So yes,I would press that hypothetical button,and I assume you would too,Summer. ;)

Funny that I talk about this,I've began working on restarting my lucid dreaming routine. I just had my first one today in quite awhile. It was a very short one though and I didn't get the chance to do more fun things.(damn you school!! :evil: )

Lucid dreaming is beautiful. one of the best things you could experience in the whole wide world. (and I'm sure many would agree,including Ms.Rebbeca) But bringing someone into existence just to share this wouldn't be worth it,considering all the other cons/downsides that come with life and sentience.

Oh yeah,you may want to take a look at this Summer. ;)
https://www.reddit.com/r/antinatalism/comments/97oo6q/because_if_not_me_then_who/

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Summerlander
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Re: Antinatalism: An Insightful Argument

Postby Summerlander » 28 Sep 2018 13:49

Hi, Red!

I'm just checking out the link now. I'm in agreement with all your points pertaining to 'The Big Red Button' thought experiment. It should be clear to everyone that moral philosophy at its best demonstrably validates not only antinatalism, but also, promortalism in the 'big red button' context.

You would really owe it to yourself and every suffering being to save the day. Bam! No more experience; and nobody will miss it because hankering is a form of experience. Logic tells us that if there is no consciousness it is as though nothing exists. The cessation of being. Nirvana! :mrgreen:

Death really is the great deliverer. :|
"Empty cognizance of one taste, suffused with knowing, is your unmistaken nature, the uncontrived original state. when not altering what is, allow it to be as it is, and the awakened state is right now spontaneously present."

- Padmasambhava

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Re: Antinatalism: An Insightful Argument

Postby lucidé » 29 Sep 2018 03:43

I may just be seeing this way due to my orientation, but why can’t spaying and neutering be an option if a person consents to this? If homeless and lower class citizens were allowed to consent to the organ removal surgery (and Medicaid could pay for that) think of how many lives we would save from having to be born into that kind of environment. Contraception is not a 100% guarantee against rape. What if people like me want to protect our world from bringing schizos into it (I was told I was a 100% risk for that. Since then, I have been begging to have my organs removed. Thinking it should be allowed in cases like mine with consent)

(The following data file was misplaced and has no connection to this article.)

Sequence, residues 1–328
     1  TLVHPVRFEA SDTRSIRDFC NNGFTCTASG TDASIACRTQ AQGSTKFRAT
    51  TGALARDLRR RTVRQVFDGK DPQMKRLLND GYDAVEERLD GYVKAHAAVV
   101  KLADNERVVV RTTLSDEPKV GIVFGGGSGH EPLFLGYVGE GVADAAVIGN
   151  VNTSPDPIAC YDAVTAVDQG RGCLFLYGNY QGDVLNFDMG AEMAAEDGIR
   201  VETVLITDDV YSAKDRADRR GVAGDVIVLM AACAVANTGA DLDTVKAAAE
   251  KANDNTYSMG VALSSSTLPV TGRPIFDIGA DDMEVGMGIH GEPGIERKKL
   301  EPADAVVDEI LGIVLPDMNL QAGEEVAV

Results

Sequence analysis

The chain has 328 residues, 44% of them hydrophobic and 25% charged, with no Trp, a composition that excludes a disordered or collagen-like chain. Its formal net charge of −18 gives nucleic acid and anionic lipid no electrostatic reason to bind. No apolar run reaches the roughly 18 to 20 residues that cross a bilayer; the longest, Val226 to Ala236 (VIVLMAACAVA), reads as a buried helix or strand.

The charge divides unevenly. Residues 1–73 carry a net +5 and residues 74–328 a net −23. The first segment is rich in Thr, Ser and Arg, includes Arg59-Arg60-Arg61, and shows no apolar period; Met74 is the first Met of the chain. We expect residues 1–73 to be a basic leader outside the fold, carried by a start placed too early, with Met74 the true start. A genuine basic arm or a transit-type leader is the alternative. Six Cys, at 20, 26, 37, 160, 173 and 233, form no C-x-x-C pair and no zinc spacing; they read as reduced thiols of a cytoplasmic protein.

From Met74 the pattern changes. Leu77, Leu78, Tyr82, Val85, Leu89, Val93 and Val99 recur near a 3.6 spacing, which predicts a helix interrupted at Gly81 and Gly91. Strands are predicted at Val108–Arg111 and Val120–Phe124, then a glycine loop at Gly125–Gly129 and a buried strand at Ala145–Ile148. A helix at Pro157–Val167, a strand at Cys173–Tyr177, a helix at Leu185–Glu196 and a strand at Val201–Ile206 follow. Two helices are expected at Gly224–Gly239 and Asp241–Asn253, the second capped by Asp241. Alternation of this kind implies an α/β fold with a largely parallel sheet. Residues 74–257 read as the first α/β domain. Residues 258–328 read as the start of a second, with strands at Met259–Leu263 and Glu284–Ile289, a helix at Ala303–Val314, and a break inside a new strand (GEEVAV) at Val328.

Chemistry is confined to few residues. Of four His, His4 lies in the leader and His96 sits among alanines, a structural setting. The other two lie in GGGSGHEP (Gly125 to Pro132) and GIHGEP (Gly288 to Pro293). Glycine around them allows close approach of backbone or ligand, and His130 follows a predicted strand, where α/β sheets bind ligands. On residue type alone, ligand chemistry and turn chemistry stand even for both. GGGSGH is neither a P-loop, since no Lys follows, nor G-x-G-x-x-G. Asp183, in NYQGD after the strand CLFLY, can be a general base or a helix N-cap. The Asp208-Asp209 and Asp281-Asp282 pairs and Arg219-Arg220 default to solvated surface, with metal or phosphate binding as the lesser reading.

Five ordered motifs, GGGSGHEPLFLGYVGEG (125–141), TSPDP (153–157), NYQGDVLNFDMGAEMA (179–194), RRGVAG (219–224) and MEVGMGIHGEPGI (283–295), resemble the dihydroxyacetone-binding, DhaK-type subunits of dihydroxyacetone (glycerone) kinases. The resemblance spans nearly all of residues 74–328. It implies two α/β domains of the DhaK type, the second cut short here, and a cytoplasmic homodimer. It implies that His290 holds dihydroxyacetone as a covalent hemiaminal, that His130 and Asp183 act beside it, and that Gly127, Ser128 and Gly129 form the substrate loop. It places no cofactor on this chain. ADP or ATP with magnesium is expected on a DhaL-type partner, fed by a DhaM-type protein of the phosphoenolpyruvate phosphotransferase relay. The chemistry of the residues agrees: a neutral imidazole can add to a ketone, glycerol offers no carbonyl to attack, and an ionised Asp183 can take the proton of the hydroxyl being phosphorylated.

An example of lucid dreaming: https://www.youtube.com/watch?v=YW7ps_VSPkg (1:46 Is that me or is this me? "Am I still dreaming?") Simpsons example: https://www.youtube.com/watch?v=-3X1n5Yny3g

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RedKryptonite
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Re: Antinatalism: An Insightful Argument

Postby RedKryptonite » 02 Oct 2018 04:19

lucidé wrote:I may just be seeing this way due to my orientation, but why can’t spaying and neutering be an option if a person consents to this? If homeless and lower class citizens were allowed to consent to the organ removal surgery (and Medicaid could pay for that) think of how many lives we would save from having to be born into that kind of environment. Contraception is not a 100% guarantee against rape. What if people like me want to protect our world from bringing schizos into it (I was told I was a 100% risk for that. Since then, I have been begging to have my organs removed. Thinking it should be allowed in cases like mine with consent)